J Darrin Gross 18:08
The thought occurred to me, listening to this, my mind typically thinks of rentals is not furnished, but I’m assuming are these are the landlord’s providing a furnished room
Frank Furman 18:19
to ralpher, they are furnished, so no linens, or laundry service, that kind of thing. But they are so it’s not like a hotel. But they are furnished with kind of bad, very, you know, simple furnishings. So that, and that’s for a couple reasons. One is it makes it easier to get people in quickly because you don’t have to worry about Okay, well, they can only come in on a Saturday because they’re moving furniture and that kind of thing. The other thing is, you know, one of the things that we’re we really pride ourselves on is really driving down the cost of housing in that, you know, traditionally one of the things if I if you’ll indulge me in a mini rant, you know, one of the problems that with quote unquote, affordable housing, you know, the the paradigm in this country is, we think of it as cost transfer, right? Okay, you can’t afford your rent, how do we make someone else pay that rent that you can afford? And okay, maybe it’s the local housing authority, you know, whatever. Or even further upstream, hey, we got to provide live tech, you know, tax credits so that people can build more cheaply. And all these things. It’s hyper complex. And, you know, the dirty secret of affordable housing is you need to start with affordable housing, like it needs to literally cost less not just have someone else pay. So everyone’s obsessed on cost transfer. We’re obsessed with cost elimination. So furniture is a great example. So, you know, if you look at what people in our demographic typically do for furniture, well, it’s it’s really hard to just outright buy furniture cost a couple 1000 bucks to furnish place and you know, and so on and so forth. So people rent and they go to a place like rent a center one of those places on layaway. And they say, Okay, well, I’m gonna pay well. landlords are lazy and rent a center smart. Right, baby. Bill at the end of the month. And so, if you look at evictions in this country, a lot of times people say, Okay, well, I pay my bills sequentially, I get my cell phone bill, I pay that cell phone bill, I get my rent a center bill, I don’t want to lose my couch. So I’ll pay that bill. Well, that hit on the 28th my rents always due on the first because landlords, you know, want to make their accounting easy. It’s like, well, I don’t have the money, I can’t pay that rent, I just paid my cell phone bill, my furniture bill. It’s like, Okay, well, that was clearly a bad idea, right? Because now your furniture is going to be put out. But that’s how people operate. So we kind of thought about it from the other way around being customer focus. So okay, well, one, how do we drive down the cost. So renting furniture is a terrible investment, right? You’re paying enormous interest rates you never had, whereas it’s relatively cheap for a landlord to furnish an apartment or house simply, and then kind of baked into the price. So okay, instead of getting an apartment, now, this huge barrier to entry which I can meet, now I need to pay, you know, 20% interest to rent a center, I am paying for it as part of my as part of my rent, and, and it’s a dead but you know, we kind of go from there, the other piece is doing weekly payments, that are all linked. So instead of having, you know, a power bill and a deposit, and, you know, gas bill and a water bill and deposits and a furniture bill and rent bill, and deposits all of them, it’s just one weekly payment. So, you know, the way I kind of phrase it with finances, you know, once the first of the month? Well, I don’t know, once Friday, well, that’s tomorrow, I get paid on Friday, my bill hits on Friday, I paid by Sunday, I’m all sudden you kind of always you’re kind of making it friendly for the renter, rather than friendly for the landlord. Like I’ve been a landlord, you think about and say, Okay, well, how do we make my accounting as easy as possible how to make my operations as easy as possible? You bill on the first you spend your first week worried about collections, every month, one payment, you feel good? It looks good for the bank, you know, it looks good for the lender, everyone’s happy. We kind of turn on its head and say, what’s what’s best for the customer? How do you enable the highest collections rates by making it as easy as possible for them to get into a flow and good habits. And the other thing that we do is we report to the credit bureaus for a partner. And, you know, a lot of our customers coming in the residents are really thin file, folks, right? Not necessarily bad credit, in many cases, they just don’t have a long credit history, well, because we’re reporting weekly payments, that are a big chunk of their income, they get a lot of data points very quickly. And people are adding, you know, 100 points to their credit score after just a couple months. And at in my view, this is honestly, it’s a benefit to them, because it enables them to move up the housing continuum.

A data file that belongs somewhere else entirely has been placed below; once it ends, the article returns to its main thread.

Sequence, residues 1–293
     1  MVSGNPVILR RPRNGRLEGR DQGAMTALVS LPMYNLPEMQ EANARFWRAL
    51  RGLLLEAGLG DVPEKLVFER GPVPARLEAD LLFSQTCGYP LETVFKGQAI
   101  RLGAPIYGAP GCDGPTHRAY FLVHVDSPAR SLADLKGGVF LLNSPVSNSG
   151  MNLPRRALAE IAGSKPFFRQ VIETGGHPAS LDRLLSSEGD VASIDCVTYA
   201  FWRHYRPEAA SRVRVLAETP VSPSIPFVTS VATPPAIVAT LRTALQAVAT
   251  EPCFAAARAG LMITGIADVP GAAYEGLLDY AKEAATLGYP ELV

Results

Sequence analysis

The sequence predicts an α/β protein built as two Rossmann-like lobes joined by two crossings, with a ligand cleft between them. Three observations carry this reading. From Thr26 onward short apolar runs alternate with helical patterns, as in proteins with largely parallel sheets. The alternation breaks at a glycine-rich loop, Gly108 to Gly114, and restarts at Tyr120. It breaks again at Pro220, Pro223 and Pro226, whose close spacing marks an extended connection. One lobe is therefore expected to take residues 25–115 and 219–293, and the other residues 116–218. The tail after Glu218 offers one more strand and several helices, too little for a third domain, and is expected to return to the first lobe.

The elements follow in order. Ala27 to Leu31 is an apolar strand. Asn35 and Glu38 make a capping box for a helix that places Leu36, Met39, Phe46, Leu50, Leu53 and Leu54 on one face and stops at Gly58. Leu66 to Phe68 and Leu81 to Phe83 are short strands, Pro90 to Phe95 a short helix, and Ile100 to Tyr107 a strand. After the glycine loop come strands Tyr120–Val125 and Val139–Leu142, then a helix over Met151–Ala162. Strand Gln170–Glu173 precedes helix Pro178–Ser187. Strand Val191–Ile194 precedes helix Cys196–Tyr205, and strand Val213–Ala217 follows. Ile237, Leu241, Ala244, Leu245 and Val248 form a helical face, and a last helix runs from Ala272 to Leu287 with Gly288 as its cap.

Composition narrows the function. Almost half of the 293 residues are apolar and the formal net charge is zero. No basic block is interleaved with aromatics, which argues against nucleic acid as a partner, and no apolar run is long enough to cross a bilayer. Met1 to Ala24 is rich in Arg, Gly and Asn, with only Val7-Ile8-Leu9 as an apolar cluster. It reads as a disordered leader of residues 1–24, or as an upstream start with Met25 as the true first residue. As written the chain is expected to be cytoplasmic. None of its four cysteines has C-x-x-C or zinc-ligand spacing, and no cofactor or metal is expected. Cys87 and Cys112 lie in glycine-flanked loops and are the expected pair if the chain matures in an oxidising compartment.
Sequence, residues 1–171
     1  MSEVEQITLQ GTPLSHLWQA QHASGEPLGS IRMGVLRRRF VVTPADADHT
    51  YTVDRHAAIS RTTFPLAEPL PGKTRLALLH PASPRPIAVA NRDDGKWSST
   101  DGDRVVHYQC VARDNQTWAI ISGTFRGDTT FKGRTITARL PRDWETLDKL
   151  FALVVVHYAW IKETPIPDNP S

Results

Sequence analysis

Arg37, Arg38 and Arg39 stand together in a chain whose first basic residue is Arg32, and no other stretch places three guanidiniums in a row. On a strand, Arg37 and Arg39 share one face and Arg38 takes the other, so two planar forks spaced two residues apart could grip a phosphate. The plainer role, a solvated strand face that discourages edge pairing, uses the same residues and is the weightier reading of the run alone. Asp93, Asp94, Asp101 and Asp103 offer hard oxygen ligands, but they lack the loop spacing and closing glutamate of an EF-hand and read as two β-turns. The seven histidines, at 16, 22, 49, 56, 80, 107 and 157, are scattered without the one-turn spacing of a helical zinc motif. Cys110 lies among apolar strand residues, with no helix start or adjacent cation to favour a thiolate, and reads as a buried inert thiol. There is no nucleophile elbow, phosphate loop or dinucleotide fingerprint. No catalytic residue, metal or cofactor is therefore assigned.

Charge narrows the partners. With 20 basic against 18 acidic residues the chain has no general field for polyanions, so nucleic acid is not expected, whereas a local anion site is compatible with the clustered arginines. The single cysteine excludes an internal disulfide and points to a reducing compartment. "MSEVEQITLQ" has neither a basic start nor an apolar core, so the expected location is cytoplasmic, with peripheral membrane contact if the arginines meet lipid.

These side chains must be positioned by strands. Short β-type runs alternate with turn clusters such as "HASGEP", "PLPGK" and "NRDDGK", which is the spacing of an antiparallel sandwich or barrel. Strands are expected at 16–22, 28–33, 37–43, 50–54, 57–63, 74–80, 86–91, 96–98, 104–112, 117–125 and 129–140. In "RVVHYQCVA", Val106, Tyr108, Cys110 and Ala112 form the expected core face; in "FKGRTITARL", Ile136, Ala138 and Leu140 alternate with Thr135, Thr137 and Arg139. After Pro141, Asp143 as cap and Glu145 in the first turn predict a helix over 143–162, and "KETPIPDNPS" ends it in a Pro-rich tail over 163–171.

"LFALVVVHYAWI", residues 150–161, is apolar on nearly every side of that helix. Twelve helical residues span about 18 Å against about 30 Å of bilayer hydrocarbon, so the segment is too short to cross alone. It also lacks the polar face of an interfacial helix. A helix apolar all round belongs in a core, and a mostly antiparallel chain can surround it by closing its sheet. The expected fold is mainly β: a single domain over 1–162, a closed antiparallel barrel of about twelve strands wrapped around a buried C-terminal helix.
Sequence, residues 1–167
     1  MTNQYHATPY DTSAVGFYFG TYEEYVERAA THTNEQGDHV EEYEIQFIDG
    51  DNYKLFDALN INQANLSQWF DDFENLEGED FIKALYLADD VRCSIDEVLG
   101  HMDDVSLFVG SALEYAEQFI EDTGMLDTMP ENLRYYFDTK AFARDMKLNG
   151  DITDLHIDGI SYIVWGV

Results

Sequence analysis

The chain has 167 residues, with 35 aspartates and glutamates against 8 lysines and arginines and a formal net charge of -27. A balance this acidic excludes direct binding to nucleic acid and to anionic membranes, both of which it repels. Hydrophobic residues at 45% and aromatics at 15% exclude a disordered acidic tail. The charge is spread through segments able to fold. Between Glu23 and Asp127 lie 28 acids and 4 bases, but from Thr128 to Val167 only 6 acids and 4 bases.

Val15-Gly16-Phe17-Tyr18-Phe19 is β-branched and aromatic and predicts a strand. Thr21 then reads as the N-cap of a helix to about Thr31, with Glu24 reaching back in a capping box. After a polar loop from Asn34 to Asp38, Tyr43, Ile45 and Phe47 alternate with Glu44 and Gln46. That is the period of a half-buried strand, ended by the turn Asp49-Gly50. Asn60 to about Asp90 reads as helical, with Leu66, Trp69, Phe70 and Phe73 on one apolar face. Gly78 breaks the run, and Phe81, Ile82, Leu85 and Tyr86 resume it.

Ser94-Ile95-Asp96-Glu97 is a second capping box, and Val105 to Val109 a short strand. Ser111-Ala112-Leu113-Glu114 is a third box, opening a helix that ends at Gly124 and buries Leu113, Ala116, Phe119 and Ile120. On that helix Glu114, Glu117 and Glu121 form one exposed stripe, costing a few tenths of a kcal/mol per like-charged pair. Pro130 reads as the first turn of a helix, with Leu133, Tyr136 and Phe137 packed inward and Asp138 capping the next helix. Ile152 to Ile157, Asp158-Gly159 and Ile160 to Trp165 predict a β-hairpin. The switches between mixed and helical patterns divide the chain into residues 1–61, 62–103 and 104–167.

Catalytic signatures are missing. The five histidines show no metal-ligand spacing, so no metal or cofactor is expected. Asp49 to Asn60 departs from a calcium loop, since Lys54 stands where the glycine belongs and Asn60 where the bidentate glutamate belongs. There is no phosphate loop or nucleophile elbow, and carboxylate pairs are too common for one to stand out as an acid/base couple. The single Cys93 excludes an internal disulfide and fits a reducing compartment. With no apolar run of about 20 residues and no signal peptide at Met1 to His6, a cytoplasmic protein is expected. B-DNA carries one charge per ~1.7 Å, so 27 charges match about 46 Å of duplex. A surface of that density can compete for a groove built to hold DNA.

But also, you know, I think it’s very representative of what a low credit risk person is, right? If you can make a weekly payment, that’s all in over and over and over again, even if you’re enabled by things like auto pay, and, you know, bundling of all these things into one. You know, that’s, that’s what I do to be a good can’t stop. But I’m actually all that good at paying bills, cuz I have a good memory, it’s that I put everything on auto pay. And I you know, keep it simple on myself. I think that the tools that I use, whether it’s sharing space, or bundling payments, or putting things on auto pay should be available to everybody, you know, that’s how I have a good credit score. And, you know, it’s how I’m been able to save money on housing. And so we’re trying to democratize that.